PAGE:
Ilan Stavans and Harry Morales
Translated from Spanish by Harry Morales
He woke up early. He had had a bad night. The white bed sheets were hot and wrinkled and he had an Apache Indian indentation across his left cheek. The bad news, that’s what it was. He had written that story with total dedication and thought it was the best work his pen had produced to date. Why did Dom Wald reject it? The words vibrated with passion on the paper; it was a finished piece, perfect. Upon completing the story and putting it in the mailbox, he had said to himself: “It’s inevitable that it will be published in the August issue. It deserves to be, without a doubt!” And yesterday, when he opened the mail, the rejection. His depression was killing him.
He went to the bathroom and looked at himself in the mirror. Had he aged overnight? He splashed cold water on his face and looked at his reflection again to follow the route of the trickling drops. He forced a smile, then changed the gesture into a canine stretch of his lower jaw. The mirror, always faithful, reflected him. He took a shaving brush, soap bar, and comb out of a case underneath the wash basin. He was sure he would shave today; he should do it carefully though, because otherwise, in ten minutes he would have sprouting blood and little pieces of toilet paper on strategic areas of his chin to stop the bleeding. He opened the faucet and proceeded to apply a brushstroke of lather.
Where was he intending to place the story now that its appearance was at a standstill with Dom Wald? “Shit!” he said, after he cut himself and a red line created odd maps on his skin underneath his left ear. He splashed water on his face and dried it with a yellow towel. A few seconds later his eyes returned to the mirror, determined to finish shaving. But no one was on the other side, no one, just the empty glass; something fogged by the steam that was rising from the washbasin was only reflecting the wall in front of it; he was being ignored, he was anywhere but the bathroom. What horror!
He closed his eyes. Without a doubt, the bad news again. Perhaps it would have been better not to wake up today, to continue sleeping amid so many nightmares that had visited, consumed, and disturbed him in the simplicity of his bed. He was brave and left his pupils uncovered again. But nothing happened; the mirror was resistant to show his reflection. “I’m still dreaming,” he told himself. “The truth is that it’s difficult to feel comfortable in this body and that’s why I remain stretched out on the mattress, lazy. I resist the day; I don’t want to begin the routine again.” Nervous, displaced, he came out of the bathroom and walked through the early-rising house. He went to the kitchen and opened the refrigerator to smell the oranges he had sliced the night before. He lit the stove and heated the coffee. He went back into the room and opened the windows and made the bed. Enough! He returned to the bathroom, but not before touching his face and feeling the blood, which even in a small amount didn’t cease sprouting. He felt the residue of lather which was covering his left cheek and, underneath, the pasty and minimum sized chin that should disappear under the governing comb. “To the mirror,” he told himself.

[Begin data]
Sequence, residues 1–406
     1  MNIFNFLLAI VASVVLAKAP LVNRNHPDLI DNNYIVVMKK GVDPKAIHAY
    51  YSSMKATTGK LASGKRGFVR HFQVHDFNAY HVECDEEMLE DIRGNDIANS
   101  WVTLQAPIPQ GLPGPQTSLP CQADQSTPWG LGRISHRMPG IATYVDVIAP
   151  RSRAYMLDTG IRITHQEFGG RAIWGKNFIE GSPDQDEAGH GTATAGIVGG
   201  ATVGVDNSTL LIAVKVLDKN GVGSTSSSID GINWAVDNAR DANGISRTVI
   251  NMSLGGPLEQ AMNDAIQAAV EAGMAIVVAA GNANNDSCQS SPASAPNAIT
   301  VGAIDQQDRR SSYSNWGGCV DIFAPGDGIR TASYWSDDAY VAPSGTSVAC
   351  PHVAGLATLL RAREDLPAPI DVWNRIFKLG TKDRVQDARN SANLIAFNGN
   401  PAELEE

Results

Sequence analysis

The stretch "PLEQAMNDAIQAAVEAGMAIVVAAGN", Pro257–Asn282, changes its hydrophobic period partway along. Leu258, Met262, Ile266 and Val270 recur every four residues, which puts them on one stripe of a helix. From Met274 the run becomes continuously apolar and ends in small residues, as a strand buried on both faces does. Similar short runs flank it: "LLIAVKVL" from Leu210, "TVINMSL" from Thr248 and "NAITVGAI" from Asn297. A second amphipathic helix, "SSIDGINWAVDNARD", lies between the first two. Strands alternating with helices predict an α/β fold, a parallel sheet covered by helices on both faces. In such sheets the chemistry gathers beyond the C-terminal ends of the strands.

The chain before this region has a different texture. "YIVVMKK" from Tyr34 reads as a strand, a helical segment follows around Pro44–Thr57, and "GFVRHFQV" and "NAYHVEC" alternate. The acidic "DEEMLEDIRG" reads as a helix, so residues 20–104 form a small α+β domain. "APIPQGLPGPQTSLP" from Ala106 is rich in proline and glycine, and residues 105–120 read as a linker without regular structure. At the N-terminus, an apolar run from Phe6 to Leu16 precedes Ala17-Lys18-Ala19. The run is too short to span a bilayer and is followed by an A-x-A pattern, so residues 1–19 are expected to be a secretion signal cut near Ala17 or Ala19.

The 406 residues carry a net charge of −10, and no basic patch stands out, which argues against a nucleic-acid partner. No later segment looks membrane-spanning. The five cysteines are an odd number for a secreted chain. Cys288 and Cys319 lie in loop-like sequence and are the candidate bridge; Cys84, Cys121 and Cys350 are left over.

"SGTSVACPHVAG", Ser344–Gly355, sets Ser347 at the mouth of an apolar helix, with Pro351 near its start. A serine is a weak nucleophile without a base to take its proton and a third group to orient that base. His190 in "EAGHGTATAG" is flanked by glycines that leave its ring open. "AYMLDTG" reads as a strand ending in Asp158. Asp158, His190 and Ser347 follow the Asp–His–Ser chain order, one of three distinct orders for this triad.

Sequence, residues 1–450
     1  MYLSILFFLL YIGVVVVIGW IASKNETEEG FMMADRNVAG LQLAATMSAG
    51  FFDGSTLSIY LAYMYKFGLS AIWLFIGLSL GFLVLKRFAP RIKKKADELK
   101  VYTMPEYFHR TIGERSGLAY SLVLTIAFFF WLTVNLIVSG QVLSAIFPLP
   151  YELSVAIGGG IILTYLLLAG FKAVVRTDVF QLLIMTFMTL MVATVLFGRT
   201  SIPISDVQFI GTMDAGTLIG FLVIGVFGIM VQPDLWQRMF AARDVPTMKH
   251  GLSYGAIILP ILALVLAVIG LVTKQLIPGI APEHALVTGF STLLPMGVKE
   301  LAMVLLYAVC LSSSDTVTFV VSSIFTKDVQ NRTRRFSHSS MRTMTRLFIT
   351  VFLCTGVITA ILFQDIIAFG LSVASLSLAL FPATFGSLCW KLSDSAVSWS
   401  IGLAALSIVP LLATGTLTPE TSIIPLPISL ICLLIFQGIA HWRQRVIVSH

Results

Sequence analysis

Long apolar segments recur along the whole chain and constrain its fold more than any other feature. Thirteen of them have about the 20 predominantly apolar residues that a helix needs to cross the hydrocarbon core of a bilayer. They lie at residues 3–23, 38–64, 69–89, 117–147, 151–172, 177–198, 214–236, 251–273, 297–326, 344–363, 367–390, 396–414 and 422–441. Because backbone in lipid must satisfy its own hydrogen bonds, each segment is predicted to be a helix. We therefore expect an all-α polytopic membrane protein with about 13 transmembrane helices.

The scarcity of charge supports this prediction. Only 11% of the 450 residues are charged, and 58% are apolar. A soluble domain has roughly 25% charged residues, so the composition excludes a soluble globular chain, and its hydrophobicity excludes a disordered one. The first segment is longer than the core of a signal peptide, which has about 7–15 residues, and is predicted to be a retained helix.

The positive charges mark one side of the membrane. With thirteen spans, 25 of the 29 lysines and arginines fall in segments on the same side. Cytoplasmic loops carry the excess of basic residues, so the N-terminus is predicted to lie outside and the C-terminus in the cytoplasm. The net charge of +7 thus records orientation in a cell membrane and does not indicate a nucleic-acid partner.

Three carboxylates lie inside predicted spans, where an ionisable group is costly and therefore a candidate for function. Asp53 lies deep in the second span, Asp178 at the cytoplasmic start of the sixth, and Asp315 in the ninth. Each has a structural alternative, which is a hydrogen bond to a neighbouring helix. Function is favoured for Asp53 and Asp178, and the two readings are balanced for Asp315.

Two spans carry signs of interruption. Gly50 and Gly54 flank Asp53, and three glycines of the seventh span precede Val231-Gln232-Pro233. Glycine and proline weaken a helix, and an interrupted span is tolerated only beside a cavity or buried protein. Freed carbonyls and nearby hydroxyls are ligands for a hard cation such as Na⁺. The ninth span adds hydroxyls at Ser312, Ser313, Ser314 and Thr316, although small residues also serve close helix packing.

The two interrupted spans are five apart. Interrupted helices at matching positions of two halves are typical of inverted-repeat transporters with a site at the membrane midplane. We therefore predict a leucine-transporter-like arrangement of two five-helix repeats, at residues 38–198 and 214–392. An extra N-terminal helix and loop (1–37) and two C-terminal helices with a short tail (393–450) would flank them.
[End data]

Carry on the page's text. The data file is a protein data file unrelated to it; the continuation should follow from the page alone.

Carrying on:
Frightened, upon crossing the threshold and before reaching the washbasin, he opened and closed his eyes again while simultaneously breathing deeply. But the reflection he saw provided him with a deep and incalculable sadness. There was no one on the other side, no man improving his appearance. Then, he decided that that mishap wasn’t going to affect him very much and blindly proceeded to finish his morning routine. The razor had smoothly polished his skin so many mornings that he didn’t need the help of a mirror. His movements and pace were slower, it’s true, although not much; they were clearing away the dried lather and beautifying the epidermis areas the blood had designed. He finished shaving awhile later.
Immediately afterward, he got under the showerhead and allowed the stream of water and the penetrating aroma of the shampoo to make him forget the strange phenomenon that had just victimized him. He even hummed a melody that he had learned as a child and that months earlier he had unsuccessfully tried to remember. He lathered himself. He washed his ears and stroked his legs and underarms. He was sure that it had all been a dream, including Dom Wald’s rejection of his story.
He stepped out of the shower and wrapped himself in a towel, resisting the urge to look, even by mistake, at the wide spectrum of the mirror. If the other one, the one who would hide behind the glass, ignored him, then he would do the same. He extended his towel to the farthest reaches of his extremities and if he could, he would have inserted it under his nails and into his eardrums and nasal passages; the objective was to be there, in the bathroom in front of the mirror, but without looking at it. A challenge: who could hold out longer? The hygienic process lasted a total of four or five minutes, although for him, the clock hands had struck more times. He finally arrived at the conclusion that it was stupid to be battling against himself in that stupid damp mirror, so he decided to face the truth.
This is what he now saw: his facial image, mutilated, injured a thousand times by that criminal comb; the purple decomposition of his skin; the red and inflamed eyelids; the wet hair, which instead of adorning him made its owner look monstrous. His reaction, up to a certain point, was normal. With a single punch he broke the glass that was denigrating him and, crying in pain, returned to bed and tried to sleep. Or wake up, perhaps. (You witnessed all of it, hidden behind that window through which fools look).